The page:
Explore the Wild and Secret Places in Cornwall, the places that are not normally on the tourist schedule. If you are wanting a sense of adventure and want to search out interesting and mystical then these five places may be what you are looking for.
If you are staying at St Merryn park or visiting us to view our Lodges for sale then take the time out for a little exploring.
Gwennap Pit in Redruth became a preaching pit in 1762, by local preacher John Wesley. It is said that up to two thousand people could be seated comfortably on the grass seating and it is claimed in 1773 he actually preached to a congregation of thirty two thousand there. It is about fifty feet deep and two hundred to three hundred feet across the top.
The original pit is believed to have been caused by a natural depression, possibly by a collapsing abandoned mine and it never collects water. The twelve terraces were cut by local miners in 1803-06. Today it is still used for religious events, in particular the annual gathering on Whitsun and also with services all through the summer months.
Frenchman’s Creek is the best known of seven creeks leading off the Helford River which were made famous by the Daphne du Maurier novel Frenchman’s Creek.
It is easy to see what inspired her. She honeymooned here in its serene, calming beauty and is well worth a visit.
Surrounded with ancient woodlands and trees overhanging the waters some say it is best explored by kayak or boat but there are also walks through the woods giving some incredible views.
The Crantock rock carving is revealed at low tide is part of an incredible series of small caves at Crantock Beach. The mythical Crantock rock carving, which is the stuff of legend in the local area is a story that in the early 20th century while a beautiful woman was riding her horse along the beach, the tide crept around them, and unfortunately drowning them both.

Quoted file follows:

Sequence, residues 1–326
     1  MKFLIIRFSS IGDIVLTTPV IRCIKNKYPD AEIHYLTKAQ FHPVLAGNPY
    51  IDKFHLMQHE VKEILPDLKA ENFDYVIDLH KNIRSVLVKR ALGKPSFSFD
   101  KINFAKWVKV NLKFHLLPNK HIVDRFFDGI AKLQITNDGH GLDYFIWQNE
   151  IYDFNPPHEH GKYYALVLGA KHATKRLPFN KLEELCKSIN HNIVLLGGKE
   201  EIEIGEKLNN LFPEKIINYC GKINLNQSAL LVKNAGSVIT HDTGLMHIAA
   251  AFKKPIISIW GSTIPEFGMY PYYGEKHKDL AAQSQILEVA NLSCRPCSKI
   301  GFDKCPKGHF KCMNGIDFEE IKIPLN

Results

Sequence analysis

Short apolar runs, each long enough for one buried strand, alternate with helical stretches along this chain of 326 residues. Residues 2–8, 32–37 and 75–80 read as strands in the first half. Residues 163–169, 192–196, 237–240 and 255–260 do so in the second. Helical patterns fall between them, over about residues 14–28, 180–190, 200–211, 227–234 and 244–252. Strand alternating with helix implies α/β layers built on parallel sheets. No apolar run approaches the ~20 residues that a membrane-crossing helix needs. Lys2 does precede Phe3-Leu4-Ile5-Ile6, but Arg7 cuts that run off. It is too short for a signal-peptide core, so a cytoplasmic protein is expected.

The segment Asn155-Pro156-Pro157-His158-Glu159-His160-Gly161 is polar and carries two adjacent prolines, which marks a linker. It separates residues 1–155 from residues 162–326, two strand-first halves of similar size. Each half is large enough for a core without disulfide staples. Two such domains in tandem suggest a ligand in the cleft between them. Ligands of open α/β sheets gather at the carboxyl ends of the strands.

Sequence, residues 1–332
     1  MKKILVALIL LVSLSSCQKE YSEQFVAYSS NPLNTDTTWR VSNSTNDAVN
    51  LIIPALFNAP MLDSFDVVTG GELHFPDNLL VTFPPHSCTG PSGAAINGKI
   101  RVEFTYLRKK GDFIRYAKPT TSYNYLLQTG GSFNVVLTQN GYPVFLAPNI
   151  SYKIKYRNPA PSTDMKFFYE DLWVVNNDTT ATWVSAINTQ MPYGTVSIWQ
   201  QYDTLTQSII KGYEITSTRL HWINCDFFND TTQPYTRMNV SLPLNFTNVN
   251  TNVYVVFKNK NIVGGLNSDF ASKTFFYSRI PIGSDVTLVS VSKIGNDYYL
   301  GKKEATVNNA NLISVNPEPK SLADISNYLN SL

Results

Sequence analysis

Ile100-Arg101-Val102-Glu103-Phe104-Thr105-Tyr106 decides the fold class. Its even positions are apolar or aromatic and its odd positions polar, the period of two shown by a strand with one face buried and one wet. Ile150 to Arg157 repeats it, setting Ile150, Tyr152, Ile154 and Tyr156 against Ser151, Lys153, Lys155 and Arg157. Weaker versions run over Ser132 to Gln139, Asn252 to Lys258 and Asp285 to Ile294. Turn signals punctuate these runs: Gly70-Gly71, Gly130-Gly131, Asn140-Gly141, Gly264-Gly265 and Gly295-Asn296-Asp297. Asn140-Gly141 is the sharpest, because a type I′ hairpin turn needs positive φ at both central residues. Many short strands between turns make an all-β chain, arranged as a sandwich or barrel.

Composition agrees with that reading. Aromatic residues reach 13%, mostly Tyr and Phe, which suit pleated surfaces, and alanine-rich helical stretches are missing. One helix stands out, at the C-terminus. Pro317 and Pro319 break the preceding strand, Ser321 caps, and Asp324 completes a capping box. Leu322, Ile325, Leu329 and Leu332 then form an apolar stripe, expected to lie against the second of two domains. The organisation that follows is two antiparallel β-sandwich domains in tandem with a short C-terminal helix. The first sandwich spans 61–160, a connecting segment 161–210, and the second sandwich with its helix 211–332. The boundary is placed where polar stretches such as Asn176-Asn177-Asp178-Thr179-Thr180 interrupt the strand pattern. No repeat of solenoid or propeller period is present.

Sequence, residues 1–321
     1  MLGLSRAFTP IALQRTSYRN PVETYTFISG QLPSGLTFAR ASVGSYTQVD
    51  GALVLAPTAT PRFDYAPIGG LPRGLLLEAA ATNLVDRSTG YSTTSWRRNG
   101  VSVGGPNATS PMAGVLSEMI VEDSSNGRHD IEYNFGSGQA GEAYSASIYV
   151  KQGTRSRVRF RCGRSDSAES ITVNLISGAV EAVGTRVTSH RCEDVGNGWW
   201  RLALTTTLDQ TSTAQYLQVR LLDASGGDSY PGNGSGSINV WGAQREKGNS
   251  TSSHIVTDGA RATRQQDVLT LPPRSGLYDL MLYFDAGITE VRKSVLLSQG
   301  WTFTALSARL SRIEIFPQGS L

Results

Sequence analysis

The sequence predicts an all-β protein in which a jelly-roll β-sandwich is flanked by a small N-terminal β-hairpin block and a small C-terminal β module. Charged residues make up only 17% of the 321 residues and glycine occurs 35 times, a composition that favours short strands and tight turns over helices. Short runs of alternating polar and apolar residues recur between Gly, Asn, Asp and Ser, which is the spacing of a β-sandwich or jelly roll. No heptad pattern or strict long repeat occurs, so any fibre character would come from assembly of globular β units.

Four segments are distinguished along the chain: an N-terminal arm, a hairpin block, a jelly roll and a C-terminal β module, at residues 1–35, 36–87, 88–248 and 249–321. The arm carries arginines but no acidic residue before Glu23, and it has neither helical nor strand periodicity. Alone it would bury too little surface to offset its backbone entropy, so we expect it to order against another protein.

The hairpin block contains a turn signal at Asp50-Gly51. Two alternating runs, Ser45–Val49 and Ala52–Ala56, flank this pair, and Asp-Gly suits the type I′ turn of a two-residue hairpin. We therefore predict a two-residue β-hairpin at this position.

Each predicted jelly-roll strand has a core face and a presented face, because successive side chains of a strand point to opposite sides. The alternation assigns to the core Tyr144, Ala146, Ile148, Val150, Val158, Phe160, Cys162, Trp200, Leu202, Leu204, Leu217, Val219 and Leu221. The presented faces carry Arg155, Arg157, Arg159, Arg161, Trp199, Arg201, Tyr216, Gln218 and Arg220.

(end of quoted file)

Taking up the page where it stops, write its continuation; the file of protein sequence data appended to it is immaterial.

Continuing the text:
Joseph Prater her lover would visit the caves to feel close to her and perhaps he left a lasting reminder of his love by carving a poem on the flat grey rock, along with a portrait of his lost love and her horse. Who knows what the real story is?
Just near St Merryn Park is the hidden WWI shipwreck found on Booby’s Bay. On occasions when the sand shifts the correct way at Booby’s Bay near Padstow, the remains of a wrecked ship emerges.
This is the shipwreck of the German Naval ship The Carl, a three-masted sailing vessel which ran aground during World War I in 1917 on the outer reef during a storm. It was beached and abandoned in Constantine Bay while being towed to London. It is only when the sand shifts that it becomes visible – the first time in 2014, when its rib cage was spotted by visitors to the beach.
The Holywell Cave near Newquay can be found at low tide where from the beach it appears a mere bar, but some steps lead up to several stepped pools ascending towards a hole in the cave roof.
It has been described as one of the most remarkable sites in the British Isles and features on postcards. It is also responsible for attracting huge numbers of visitors from around the world at the height of its popularity, but relatively few know of the hidden wonder that lies inside.
Holywell Cave is also known as St Cuthbert’s Cave and is set in the south west corner of Kelsey Head. With a natural spring, descending through a surreal, multi-coloured grotto from the back of the cave it is well worth the time to visit.
Please be careful in your exploring and we urge you to get local help to stay safe with the tides etc.